Horváth Attila – H. Tóth Elvira szerk.: Cumania 1. Archeologia (Bács-Kiskun Megyei Múzeumok Közleményei, Kecskemét, 1972)

E. H. Tóth: Előzetes beszámoló a kunbábonyi avar fejedelmi leletről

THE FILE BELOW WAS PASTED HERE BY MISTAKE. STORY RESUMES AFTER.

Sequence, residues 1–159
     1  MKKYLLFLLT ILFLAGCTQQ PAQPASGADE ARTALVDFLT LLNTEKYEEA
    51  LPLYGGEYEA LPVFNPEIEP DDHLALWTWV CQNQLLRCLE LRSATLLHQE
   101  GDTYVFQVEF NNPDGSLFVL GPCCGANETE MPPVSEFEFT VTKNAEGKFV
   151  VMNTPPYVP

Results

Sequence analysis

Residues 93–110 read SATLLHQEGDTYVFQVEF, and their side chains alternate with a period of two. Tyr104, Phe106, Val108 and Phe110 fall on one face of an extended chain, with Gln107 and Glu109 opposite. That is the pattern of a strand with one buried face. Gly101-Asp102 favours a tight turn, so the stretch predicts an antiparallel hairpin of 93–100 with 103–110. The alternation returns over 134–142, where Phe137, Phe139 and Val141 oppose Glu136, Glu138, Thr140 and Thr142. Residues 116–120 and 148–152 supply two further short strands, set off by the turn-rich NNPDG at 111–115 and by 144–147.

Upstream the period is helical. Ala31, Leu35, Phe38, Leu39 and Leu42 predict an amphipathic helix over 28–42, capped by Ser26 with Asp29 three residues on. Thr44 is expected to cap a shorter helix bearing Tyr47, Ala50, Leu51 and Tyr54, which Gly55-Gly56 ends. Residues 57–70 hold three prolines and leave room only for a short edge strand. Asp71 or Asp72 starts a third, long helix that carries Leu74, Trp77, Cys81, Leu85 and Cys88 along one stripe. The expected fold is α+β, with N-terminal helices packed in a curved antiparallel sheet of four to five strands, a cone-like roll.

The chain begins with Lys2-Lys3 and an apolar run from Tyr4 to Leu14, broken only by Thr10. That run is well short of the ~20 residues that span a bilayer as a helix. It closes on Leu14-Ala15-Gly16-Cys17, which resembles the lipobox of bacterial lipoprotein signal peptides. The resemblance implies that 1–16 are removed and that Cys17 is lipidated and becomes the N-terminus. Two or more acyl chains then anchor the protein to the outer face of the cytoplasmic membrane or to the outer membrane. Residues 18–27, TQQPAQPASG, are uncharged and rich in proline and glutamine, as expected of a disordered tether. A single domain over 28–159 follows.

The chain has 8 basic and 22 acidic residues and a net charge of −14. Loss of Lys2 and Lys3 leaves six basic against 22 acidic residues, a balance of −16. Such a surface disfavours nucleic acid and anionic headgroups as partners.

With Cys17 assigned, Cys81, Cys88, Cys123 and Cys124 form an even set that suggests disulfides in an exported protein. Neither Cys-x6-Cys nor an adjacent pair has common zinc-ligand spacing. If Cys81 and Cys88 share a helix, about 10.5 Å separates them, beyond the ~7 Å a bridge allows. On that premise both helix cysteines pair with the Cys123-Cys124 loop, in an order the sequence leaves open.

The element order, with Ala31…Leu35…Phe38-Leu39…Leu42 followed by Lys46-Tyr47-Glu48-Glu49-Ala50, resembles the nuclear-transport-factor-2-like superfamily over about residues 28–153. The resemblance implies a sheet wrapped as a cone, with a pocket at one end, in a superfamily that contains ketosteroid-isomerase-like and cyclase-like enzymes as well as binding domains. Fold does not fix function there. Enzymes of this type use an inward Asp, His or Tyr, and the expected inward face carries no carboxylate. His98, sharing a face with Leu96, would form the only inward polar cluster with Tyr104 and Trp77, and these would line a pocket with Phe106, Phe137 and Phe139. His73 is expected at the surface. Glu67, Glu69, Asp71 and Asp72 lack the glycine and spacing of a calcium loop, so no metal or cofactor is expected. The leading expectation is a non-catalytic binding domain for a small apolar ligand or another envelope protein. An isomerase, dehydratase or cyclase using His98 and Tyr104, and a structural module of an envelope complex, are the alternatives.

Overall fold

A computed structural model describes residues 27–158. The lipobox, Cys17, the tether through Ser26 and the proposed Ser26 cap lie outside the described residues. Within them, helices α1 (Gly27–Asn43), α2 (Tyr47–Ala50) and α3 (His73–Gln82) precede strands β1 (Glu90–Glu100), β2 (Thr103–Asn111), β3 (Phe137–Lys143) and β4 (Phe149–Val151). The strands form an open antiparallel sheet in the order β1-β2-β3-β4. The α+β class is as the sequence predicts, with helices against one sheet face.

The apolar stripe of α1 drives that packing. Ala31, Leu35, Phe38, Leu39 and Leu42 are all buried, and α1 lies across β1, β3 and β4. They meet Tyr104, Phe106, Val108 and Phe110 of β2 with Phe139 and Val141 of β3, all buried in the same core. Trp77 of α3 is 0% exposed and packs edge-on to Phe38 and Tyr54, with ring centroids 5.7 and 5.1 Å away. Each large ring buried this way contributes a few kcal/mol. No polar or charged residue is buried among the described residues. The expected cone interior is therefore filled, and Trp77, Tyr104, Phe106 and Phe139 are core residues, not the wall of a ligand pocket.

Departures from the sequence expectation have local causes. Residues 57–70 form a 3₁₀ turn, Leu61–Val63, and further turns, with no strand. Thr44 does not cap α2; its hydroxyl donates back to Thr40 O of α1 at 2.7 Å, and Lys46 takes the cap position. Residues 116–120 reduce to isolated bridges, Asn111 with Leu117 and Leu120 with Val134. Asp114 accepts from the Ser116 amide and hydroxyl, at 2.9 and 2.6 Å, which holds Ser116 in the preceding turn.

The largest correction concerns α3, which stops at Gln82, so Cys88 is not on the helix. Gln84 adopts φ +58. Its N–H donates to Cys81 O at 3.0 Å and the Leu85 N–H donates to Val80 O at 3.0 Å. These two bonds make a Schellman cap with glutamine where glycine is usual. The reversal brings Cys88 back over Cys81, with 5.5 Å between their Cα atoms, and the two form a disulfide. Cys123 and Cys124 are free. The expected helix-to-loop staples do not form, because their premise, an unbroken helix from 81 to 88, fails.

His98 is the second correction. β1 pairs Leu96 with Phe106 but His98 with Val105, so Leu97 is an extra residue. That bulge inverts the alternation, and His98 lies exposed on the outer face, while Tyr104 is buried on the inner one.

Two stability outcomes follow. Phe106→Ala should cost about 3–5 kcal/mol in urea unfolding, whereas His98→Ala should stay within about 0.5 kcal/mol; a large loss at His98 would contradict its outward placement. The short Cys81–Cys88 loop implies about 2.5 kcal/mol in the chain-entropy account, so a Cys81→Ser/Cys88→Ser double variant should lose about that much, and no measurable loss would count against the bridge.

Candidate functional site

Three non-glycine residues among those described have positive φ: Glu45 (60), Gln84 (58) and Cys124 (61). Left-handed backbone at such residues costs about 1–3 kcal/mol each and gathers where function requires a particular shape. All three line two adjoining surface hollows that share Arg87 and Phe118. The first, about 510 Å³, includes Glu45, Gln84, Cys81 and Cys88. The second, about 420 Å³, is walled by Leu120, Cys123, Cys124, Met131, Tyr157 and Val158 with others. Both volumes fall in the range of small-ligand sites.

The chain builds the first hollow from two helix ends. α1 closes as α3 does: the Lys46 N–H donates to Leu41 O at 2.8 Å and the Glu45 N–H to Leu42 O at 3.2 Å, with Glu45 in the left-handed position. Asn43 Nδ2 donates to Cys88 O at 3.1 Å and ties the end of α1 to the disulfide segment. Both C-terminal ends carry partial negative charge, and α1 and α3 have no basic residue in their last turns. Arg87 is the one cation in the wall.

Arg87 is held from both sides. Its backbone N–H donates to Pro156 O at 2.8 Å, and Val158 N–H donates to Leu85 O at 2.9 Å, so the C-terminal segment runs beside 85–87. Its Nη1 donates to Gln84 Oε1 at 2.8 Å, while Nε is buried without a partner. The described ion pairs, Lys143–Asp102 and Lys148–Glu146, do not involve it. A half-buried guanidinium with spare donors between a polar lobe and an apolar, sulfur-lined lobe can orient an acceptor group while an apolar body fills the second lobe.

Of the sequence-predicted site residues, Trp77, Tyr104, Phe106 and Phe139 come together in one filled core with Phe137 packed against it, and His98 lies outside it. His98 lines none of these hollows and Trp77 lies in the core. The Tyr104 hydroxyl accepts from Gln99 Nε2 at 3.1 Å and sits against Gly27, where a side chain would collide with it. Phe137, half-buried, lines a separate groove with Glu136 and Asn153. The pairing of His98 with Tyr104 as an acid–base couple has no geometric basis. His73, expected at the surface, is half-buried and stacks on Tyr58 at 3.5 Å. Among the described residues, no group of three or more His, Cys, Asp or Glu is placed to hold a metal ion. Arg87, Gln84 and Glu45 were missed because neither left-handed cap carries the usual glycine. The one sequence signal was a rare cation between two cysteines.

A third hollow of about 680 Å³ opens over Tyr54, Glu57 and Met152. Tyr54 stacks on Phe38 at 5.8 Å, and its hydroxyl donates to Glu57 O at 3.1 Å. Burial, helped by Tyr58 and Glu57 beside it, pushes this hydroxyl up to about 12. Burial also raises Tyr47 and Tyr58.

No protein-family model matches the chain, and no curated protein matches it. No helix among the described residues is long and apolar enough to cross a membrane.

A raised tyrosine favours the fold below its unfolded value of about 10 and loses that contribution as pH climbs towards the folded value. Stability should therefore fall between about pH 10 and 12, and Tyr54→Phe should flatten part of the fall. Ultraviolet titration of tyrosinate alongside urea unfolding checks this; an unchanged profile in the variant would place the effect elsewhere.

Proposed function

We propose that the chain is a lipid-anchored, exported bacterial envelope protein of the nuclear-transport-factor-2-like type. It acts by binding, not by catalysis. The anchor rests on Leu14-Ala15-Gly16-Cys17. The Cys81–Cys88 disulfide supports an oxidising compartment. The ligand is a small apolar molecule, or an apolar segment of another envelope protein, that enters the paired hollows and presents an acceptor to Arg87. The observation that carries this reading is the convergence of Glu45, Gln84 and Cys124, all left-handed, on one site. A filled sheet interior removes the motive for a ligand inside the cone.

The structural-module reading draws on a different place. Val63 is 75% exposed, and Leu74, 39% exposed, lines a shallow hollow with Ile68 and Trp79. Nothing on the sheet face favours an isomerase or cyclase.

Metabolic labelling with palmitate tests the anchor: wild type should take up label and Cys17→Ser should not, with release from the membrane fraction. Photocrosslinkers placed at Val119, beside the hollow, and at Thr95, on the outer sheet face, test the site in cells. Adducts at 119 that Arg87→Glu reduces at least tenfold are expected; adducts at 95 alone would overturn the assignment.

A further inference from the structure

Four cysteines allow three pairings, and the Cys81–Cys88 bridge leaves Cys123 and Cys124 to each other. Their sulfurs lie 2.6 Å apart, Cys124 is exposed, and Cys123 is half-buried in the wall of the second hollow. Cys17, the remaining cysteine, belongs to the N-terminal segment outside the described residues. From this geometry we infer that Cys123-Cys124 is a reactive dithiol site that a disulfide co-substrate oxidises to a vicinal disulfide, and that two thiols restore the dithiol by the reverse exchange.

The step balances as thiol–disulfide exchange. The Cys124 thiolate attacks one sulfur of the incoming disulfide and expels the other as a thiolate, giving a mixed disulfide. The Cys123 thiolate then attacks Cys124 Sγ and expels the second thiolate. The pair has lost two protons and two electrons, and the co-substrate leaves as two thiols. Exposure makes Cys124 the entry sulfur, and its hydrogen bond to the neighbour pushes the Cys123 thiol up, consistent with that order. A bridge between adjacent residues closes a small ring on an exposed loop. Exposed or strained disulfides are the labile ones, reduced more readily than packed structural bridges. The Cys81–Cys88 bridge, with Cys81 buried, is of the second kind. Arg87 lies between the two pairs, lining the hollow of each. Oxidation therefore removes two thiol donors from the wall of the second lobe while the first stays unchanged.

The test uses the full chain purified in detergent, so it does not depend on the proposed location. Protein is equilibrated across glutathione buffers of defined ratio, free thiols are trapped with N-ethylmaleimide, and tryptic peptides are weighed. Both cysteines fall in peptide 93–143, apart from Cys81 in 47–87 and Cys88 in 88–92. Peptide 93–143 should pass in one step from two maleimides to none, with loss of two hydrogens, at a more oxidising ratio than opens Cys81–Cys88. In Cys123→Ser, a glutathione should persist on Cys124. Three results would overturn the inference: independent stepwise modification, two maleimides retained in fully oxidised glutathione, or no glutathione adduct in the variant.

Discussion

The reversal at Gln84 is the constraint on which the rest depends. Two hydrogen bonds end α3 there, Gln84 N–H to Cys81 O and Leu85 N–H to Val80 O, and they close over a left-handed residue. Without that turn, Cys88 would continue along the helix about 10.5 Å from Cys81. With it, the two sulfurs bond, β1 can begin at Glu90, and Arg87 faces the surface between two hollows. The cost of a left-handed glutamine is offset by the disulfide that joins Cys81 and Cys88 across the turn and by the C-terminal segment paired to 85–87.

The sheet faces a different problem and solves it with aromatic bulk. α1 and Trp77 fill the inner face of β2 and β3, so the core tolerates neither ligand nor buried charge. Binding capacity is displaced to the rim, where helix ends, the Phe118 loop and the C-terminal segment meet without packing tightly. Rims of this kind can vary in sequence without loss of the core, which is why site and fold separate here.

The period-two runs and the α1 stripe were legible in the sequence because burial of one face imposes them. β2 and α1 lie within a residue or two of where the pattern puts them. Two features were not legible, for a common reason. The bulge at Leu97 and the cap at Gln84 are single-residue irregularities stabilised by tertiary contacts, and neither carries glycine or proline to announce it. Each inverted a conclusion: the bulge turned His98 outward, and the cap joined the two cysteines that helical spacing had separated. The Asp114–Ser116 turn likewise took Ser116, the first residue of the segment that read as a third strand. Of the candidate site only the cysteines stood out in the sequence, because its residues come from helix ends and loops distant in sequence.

/ Although we could only guess from the report that the find contained gold objects side by side with the „jar" we knew it for sure that the finds, carried away, could only be collected — with the help of several experienced museum officers — by taking the finders by surprise, There was no automobile at our disposal, so it was only on the following morning that we could go to the spot by the motorcar of the department of cultural affairs of the County Council. There we collected the majority of finds, recorded the delivers' and finders' recollections on tape, took photos of the finders and their families, and finally took a 16 mm film of the provenance (Fig. 1.). Tape recording helped to trace many yet unfound objects, and most of them could be collected during the following days, when the verifying excavations, and the riddling of exploited and collapsed sand was carried out simul­taneously. In this process 10 per cent of the gold objects was found. On the basis of the finders' statements and of attestation it can be pointed out that the grave lay in a hole of 130 cm depth and width, of 280 cm length, oriented towards the West. (Fig. 2.) The finders upset the layer under the finds, and took the objects out of the collapsed earth of the grave. Thus they could not survey the position of the skeleton and of the finds. We could estimate the place of the finds by the persons who had taken them, after having found out the time-order of their standing by the grave, and the duration of each person's stay there. The size of the apmhora — found first — is 14x65 centimeters. (Fig. 3.) Less bilgy vessels of similar elaboration, but with by tar not similarly shaped neck and handle of barbaric origin are found among the finds of the Saltovo-culture. Béla Posta noted two earthenware amphoras with pressed gold accessories found in the catacomb of Kercs. As veri­fied by a coin of the period of Ceasar Leo, the find dates from the second half of the 5th century. An amphora with two handles and pointed bottom was found at Gátér, in the horseman's grave No. 193. Owing to Byzantine influences, however, this vessel is likely to have been made in the workshop of a Byzantine master. This origin and the long prevalance of the type seem to be proved by the pieces dated from different years, and occuring on North Balkans, in North Italy as well as in Western Europe. The skull was found right after the amphora. According to Prof. Pál Lipták's preliminary opinion, this is the skull of a more than 60 year old man of mongoloid type, antropologically similar to some of our finds of Avar chiefs. Only fragments of the skeleton, knitted cervical vertebras, side by side with bones of sheep were collected by the finders. The rest of the skeleton, said to have been seen by many, at the bottom of the grave, could not be collected. We have tried to classify the gold objects on the basis of their technical and formal features, namely according to the fineness of gold, etc. It has become clear that they are accessories of at least three sets of belts. These sets are, however, by far not uniformly made up, thus, a few pieces could not be proved to be parts of any of the sets. It was much easier to clas­sify the dead's jewels, the accessories of his garment and those of the tools used at the funeral. Analogous finds of Bocsa and others indicate that the accessories of the belt with gold fake buckle, those being the heaviest and richest pieces in our find, representing to all certainty the highest rank, belong to one distinct group. The fittings represent two types in this case, too. Some are decorated with greenish, cloisonné glass inlays in a frame of, rows of cast globes, such are the end of large strap, (Fig. 4. 1.) the loop, webbing of hole, the end of small strap and the pair of sus­pender fittings. They are of greater size and weight than the related pieces of Bocsa, and a few of them, like the row of globes on the loop and suspender fittings, bear the traces of wear. Apart from this, their elaboration technique and material are very similar to those of their counterparts at Bocsa. Other similar objects are the end of large strap with scaly ornamentation and similar though smaller fittings of the find of Malaia Pereshcepina (near Poltava). In another group of belt fittings, finely polished, red alamandine stones have been found in setting framed by row of sold globes. In the find of Kunbábony, the oval and shield shape fittings as well as the fake­buckles make up this latter group. A typical part of the belt with gold fake-buckles is the fitting with set stones framed by rows of oval­shape globes. Two such objects have been found at 144